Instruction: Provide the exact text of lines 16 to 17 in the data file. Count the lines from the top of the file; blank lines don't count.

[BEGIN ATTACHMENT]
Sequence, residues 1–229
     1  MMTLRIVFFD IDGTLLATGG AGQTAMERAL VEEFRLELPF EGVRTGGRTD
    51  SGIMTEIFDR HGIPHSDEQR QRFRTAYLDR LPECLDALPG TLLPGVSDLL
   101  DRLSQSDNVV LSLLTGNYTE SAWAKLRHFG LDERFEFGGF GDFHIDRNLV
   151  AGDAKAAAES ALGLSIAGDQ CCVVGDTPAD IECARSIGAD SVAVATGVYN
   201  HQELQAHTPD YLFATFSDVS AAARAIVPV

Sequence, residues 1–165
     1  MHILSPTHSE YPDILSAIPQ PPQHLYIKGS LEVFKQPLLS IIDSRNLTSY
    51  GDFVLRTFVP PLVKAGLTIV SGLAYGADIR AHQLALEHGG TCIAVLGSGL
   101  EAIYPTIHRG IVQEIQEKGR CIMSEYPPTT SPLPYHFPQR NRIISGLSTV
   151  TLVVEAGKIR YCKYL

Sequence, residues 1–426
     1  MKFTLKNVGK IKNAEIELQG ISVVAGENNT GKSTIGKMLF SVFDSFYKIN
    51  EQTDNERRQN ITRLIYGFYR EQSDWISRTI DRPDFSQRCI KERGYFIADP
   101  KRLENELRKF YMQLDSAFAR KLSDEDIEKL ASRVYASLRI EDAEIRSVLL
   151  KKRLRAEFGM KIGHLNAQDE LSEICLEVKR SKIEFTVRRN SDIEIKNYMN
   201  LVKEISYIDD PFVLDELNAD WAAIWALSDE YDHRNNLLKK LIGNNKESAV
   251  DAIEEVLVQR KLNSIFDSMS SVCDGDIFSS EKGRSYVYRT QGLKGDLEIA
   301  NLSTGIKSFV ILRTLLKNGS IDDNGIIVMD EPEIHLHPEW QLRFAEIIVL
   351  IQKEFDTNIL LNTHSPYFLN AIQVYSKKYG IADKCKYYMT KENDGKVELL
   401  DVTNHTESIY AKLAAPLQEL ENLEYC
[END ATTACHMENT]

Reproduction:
   151  KKRLRAEFGM KIGHLNAQDE LSEICLEVKR SKIEFTVRRN SDIEIKNYMN
   201  LVKEISYIDD PFVLDELNAD WAAIWALSDE YDHRNNLLKK LIGNNKESAV